by Tom Utescher
A total of only four points separated the Mount St. Joseph Magic from host Penncrest High School in the first two sets of last Tuesday night’s District 1 Class AAA volleyball quarterfinal match. Nevertheless that meant the 14th-seeded Mounties were in an 0-2 hole against the number six Lions in the best-of-five contest.
A lot was on the line; with District 1 being allotted four berths in the state tournament bracket, all the quarterfinal winners would automatically advance to the big show, while the losing teams would find their seasons at an end. Bouncing back from 24-26 and 23-25 defeats in the first two rounds, the Magic won the third set, 25-21, then leveled the match at 2-2 by taking the fourth frame, 25-20.
With the fifth and deciding game going to the first team to reach 15 points, there wasn’t much room for error. The Mount fell behind by a few points in the middle of the set and later trailed 9-12. They fought back within one at 13-14, but then Penncrest put the set and the match away by winning the next point.
“We played well; we weren’t even supposed to be here,” commented MSJ head coach George Trabosh, referring to the Magic’s upset of third-seeded Strath Haven High School in the round of 16. “I think with Strath Haven, they may not have played as well as they could, while we brought our best game. Penncrest is a team that’s more like us, a bit smaller and good at keeping the ball in play.”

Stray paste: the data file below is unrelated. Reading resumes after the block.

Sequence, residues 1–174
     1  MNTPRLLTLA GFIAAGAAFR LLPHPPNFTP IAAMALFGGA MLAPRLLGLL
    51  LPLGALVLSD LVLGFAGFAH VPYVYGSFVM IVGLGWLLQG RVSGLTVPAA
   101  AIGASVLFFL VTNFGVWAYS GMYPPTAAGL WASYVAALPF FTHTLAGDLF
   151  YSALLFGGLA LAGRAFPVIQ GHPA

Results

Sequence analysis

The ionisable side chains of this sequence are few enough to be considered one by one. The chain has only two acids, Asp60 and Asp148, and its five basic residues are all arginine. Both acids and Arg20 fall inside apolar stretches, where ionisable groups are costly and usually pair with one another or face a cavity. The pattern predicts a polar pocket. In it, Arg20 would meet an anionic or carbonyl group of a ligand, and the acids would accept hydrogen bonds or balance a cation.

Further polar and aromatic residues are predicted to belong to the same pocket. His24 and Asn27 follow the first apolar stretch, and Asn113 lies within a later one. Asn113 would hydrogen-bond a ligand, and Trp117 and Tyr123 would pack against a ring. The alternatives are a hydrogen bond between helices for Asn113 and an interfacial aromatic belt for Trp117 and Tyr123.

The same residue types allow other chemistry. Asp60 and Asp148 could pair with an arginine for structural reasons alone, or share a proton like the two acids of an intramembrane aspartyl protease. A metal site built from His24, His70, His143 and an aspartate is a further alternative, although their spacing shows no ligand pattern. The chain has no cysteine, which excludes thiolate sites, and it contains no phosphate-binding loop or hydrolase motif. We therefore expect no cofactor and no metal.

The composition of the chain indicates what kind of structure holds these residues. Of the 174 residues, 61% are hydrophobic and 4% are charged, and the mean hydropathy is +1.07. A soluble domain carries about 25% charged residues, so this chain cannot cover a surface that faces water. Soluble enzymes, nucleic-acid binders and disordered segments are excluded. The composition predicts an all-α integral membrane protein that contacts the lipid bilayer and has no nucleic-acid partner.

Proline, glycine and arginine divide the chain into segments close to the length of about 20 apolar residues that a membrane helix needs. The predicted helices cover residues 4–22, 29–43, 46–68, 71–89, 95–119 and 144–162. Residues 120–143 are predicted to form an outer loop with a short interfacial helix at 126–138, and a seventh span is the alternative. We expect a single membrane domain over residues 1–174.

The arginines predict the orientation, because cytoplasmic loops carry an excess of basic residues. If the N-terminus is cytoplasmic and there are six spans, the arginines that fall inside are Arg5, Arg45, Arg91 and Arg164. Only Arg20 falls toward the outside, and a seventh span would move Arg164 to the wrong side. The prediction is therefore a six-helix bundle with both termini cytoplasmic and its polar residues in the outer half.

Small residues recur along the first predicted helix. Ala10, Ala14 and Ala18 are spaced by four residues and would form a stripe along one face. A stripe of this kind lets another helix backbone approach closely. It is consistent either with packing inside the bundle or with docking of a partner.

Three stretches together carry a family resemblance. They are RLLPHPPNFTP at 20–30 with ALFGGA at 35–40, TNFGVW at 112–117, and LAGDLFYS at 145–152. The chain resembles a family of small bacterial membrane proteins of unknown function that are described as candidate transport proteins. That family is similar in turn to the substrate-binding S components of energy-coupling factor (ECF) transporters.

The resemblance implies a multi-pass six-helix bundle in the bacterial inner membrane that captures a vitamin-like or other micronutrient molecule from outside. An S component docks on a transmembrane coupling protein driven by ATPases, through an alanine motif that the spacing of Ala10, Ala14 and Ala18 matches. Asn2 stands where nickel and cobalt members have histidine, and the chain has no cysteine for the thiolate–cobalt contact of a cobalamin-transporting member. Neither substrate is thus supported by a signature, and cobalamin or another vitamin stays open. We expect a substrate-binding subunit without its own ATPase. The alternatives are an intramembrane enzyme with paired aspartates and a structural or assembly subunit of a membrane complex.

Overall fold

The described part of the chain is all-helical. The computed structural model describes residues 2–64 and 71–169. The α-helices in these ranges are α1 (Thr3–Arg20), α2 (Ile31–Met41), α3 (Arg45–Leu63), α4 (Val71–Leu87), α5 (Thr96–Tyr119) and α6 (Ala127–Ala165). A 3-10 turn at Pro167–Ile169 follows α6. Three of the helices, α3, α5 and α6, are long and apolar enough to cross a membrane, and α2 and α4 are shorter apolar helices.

Although the Lions were seeded eight spots higher than Mount St. Joe’s, previous results against common opponent Strath Haven indicated that this would be a tight match. The Panthers, the team the Magic topped 3-0 in the tournament, had beaten Penncrest 3-1 in a regular-season encounter.
Mount St. Joseph had finished as runner-up in the Athletic Association of Catholic Academies, avenging two losses to Merion Mercy in the regular season by beating the Golden Bears in the semifinals of the AACA tournament. The Magic fell to champ Villa Maria in the league finals, then after they won their District 1 tournament opener over 19th-seeded Plymouth Whitemarsh in three straight games, they surprised Strath Haven.
Out at Penncrest in last week’s quarterfinal, a solid start up front by senior Katie Strosser, junior Courtney Kasperski, and sophomore Cassidy Abdalla got the Magic out to a 4-1 lead. Later they seemed poised to really take command of the opening set when they went up 15-9.
The hosts got right back in it with a four-point burst and eventually pulled even at 21-all. After leading for the last time at 23-22, the Mount was tied with Penncrest at 24-24, but then committed two errors as the Lions took the set, 26-24.
The Lions leapt ahead 6-2 in the second segment, then the Mounties clawed their way back to even ground at 13-13. They were up 17-16 when Penncrest stitched together three straight points and went on to maintain a narrow lead the rest of the way. On the brink of yielding set point, at 21-24, Mount St. Joe got back within one with kills by Kasperski and junior Liz Thomas, then Penncrest was pushed over the top on a hit from the middle by Jordan Schuller.